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That 'Extra Special Something'

The old way you knew a band was good was they played live and killed onstage and drew a huge crowd and there was a buzz in the city about their live shows.

Nowadays it seems like this is less so. There are still up-and-coming bands that are great live, but it seems that the majority of new bands record more, play live less, and get better in videos online.

But that doesn’t help their live shows.

At some point, you’ve got to go out and be amazing onstage, and learn what it takes to do that, whether you are a band that is mellow or comes out doing backflips and breathing fire.

In addition to being great live, it seems like bands have always needed these essentials to make it:

You need to be great live
You need to have amazing songs
You need to have a unique or cool image
You need to have a desire to be successful

All of those things will get you a local following and create a buzz, but there is one final, massive determining factor in whether or not you will stay in that pizza job or if you will be selling out 3,000 seat venues in the next 5 years:

That ‘extra something special.’

 Bruno Mars and his band absolutely crushing it at the 2012 Grammys. This one did it for me. He just came out and blew everyone away. He was like a modern day James Brown, and he made everyone else seem like pretenders.  

Bruno Mars and his band absolutely crushing it at the 2012 Grammys. This one did it for me. He just came out and blew everyone away. He was like a modern day James Brown, and he made everyone else seem like pretenders.  

That’s what it was called for as long as I can remember. No one could explain it to me, they would just say its something that makes you stand out and be different from all the rest. In a good way.

In fact, I remember when I was a little a kid, my dad had a hippie musician friend who had a band. He was totally into it. Really good guy, and really dedicated. I remember their band name, The Call Ball Band. I remember the logo. This was 1978! I remember they made demos in a real studio (something that was VERY expensive back then) His only problem was that to me, he just wasn’t as special as all the albums my parents had in their collection. That was his competition. James Taylor, The Doobie Brothers, Carole King, Elton John, Traffic, The Allman Brothers. And as a kid, that was who I was judging him against because that’s all I had every heard. So to me, this guy was not even close to them. He felt like a gas station attendant compared to those bands.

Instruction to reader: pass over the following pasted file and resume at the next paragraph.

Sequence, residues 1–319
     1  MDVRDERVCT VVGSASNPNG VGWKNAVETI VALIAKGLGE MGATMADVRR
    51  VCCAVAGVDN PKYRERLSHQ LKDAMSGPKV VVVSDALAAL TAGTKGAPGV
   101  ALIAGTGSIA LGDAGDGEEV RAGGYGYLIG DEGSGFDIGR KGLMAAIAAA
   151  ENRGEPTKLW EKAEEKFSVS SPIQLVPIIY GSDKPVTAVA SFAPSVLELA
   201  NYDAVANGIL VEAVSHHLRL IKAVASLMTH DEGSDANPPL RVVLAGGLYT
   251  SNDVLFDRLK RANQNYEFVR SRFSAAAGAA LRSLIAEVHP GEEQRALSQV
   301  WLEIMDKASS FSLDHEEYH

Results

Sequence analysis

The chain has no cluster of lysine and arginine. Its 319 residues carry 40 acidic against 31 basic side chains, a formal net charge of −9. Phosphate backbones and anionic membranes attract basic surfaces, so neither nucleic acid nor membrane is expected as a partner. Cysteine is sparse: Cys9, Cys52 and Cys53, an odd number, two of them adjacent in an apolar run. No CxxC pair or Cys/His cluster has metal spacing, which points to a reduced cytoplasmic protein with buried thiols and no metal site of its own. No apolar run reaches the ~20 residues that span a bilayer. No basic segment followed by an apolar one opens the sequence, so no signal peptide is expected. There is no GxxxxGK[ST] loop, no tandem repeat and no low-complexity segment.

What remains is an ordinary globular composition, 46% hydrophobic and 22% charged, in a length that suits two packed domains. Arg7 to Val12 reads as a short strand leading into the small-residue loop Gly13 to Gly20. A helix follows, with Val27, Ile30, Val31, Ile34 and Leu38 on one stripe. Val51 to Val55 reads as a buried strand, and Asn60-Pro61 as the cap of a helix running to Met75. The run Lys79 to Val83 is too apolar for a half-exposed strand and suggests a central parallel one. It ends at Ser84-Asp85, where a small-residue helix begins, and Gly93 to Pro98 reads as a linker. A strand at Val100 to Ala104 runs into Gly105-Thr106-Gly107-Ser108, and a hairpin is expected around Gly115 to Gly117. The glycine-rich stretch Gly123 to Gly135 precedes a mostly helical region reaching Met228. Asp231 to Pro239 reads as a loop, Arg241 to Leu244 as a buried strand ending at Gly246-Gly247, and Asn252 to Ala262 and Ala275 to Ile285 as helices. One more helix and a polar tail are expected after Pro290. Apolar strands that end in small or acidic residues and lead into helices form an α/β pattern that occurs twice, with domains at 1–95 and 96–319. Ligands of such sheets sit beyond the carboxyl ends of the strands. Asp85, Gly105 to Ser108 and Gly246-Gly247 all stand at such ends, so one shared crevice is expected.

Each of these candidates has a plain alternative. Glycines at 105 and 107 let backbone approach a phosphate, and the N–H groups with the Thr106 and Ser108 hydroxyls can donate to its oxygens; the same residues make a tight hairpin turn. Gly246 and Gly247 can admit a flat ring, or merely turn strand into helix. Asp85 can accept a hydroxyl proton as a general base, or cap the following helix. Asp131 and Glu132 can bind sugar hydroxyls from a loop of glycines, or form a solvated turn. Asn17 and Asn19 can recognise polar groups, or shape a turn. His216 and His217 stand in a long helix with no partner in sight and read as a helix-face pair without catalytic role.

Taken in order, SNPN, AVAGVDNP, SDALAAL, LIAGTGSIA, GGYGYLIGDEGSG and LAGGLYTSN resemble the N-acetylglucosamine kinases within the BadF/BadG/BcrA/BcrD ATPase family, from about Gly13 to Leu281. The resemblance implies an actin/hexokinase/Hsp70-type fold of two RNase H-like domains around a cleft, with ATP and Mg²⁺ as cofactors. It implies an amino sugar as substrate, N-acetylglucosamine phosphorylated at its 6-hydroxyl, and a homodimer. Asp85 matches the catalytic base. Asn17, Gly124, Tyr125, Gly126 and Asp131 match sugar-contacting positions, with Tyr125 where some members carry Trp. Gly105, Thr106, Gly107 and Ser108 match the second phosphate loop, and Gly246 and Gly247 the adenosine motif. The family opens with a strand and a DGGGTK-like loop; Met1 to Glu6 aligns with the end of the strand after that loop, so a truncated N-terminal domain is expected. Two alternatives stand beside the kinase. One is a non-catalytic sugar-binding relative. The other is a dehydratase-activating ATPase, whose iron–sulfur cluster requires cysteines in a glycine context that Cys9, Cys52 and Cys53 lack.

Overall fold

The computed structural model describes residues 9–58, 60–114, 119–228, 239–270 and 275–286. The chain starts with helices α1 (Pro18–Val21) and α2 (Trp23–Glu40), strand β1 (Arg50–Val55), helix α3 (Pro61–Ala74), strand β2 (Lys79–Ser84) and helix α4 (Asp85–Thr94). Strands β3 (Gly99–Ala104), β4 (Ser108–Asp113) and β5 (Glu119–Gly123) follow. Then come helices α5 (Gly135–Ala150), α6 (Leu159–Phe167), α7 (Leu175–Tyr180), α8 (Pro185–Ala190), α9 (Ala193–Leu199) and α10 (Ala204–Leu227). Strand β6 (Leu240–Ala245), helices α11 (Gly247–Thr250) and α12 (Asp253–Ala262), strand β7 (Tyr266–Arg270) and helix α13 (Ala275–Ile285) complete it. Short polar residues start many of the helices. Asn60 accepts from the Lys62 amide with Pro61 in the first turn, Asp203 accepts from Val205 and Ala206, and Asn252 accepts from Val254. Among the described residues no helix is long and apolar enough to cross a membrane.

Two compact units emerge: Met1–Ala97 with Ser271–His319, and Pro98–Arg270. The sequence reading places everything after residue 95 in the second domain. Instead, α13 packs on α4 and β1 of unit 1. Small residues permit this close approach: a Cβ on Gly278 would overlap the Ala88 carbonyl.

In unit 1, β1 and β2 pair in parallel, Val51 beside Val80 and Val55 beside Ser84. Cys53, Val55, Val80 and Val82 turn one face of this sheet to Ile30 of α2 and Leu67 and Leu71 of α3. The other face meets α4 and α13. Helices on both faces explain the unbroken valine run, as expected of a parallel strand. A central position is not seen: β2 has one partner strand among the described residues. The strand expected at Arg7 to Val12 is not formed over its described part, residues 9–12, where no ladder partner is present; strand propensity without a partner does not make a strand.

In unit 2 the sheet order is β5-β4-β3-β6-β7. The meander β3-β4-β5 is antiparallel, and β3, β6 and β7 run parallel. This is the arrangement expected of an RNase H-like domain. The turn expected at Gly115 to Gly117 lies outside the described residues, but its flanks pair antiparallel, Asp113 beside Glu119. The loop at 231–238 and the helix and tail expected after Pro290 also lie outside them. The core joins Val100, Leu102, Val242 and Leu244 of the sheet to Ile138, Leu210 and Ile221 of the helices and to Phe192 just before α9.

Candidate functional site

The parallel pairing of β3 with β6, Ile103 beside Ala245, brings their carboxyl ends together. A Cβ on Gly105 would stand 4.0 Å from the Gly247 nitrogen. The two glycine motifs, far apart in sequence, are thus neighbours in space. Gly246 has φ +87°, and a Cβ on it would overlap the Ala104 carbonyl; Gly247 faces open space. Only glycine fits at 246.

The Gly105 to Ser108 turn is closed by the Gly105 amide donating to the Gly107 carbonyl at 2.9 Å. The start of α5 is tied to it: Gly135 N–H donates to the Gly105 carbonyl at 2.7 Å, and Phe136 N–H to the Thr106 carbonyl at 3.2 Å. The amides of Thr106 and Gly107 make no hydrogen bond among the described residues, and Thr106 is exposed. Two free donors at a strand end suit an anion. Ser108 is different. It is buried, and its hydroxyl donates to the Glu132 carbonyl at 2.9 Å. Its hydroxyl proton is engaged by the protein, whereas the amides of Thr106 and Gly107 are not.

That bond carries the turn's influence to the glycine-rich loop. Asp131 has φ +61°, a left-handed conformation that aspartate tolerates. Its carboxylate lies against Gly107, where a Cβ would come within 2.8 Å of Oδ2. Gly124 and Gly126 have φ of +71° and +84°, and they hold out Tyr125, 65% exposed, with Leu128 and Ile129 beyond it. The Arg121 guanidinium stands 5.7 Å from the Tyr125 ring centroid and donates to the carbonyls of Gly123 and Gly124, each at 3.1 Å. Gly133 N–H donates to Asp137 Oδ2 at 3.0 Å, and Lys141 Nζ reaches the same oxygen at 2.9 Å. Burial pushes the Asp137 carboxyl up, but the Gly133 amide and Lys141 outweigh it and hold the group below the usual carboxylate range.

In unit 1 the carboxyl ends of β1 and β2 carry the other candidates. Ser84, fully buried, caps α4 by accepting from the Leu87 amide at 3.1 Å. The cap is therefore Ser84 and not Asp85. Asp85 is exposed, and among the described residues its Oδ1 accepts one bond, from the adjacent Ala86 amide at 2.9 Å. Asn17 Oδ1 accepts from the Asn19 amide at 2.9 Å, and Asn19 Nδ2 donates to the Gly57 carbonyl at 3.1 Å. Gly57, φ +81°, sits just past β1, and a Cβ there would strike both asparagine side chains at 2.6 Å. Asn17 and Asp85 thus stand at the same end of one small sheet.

But I remember feeling bad as a kid because he was the most dedicated guy EVER and I just knew he wasn’t going to make it. Not on that level anyway. Perhaps he would keep on playing and could up make it as a professional session guy. Or maybe he would be a ‘club’ guy, which is someone who could play small clubs forever, never getting rich, but playing music forever nonetheless. Maybe he could find a way to be a side guitarist on a big tour and then taste the big time that way… But in terms of HIM being on the same playing field as Greg Allman, James Taylor, or Michael McDonald…

Not a chance.

Those are world class talents that come around once in a long time. And they have that extra special something. When they walk into a room, it lights up. Maybe their shine does have a lot to do with their songs being so good. That could be true. But the reality is that they have it. Maybe without his songs, Michael McDonald could be mistaken for a night manager at Burger King.

 Michael McDonald on tour with the Doobies. 

Michael McDonald on tour with the Doobies. 

But he wrote them. So maybe part of that extra special something is the deep rooted desire he had to make it and his unending work ethic for his craft until he found like minded musicians to help him record his hit songs. Perhaps.

But it would be hard to say that Call Ball, the hippie friend my Dad had in the 70s, DIDNT MAKE IT in some way. He can hold his head up high and look back on a life of pursing his dreams with dignity.

Look, its easy to open a YouTube account and put your music online. Get a video camera. BAM. You put it online and get some hits. But its easy to hide that way. You need the real reactions where people ARE ACTUALLY SITTING IN FRONT OF YOU.

 We never turned down a live gig in all our lives.. Except for the ones that canceled on us. There were a few. Here we are on the Matchbox 20/Sugar Ray/Maroon 5 tour in 2004. 

We never turned down a live gig in all our lives.. Except for the ones that canceled on us. There were a few. Here we are on the Matchbox 20/Sugar Ray/Maroon 5 tour in 2004. 

It would be like a comic putting jokes online. Maybe they would work. But a comic needs to feel that interaction, that immediate crowd approval or disapproval. They keep hitting the stage, honing their craft, working it to learn it, get it down, and become great.

Same for musicians.

So get onstage and sweat. Anything will work: club, coffee shop, American Idol audition, bar, abandoned warehouse, street corner, wherever. Just play some music to real people.

It will always be the greatest way to find out if you’ve got that extra special something.

Murphy Karges3 Comments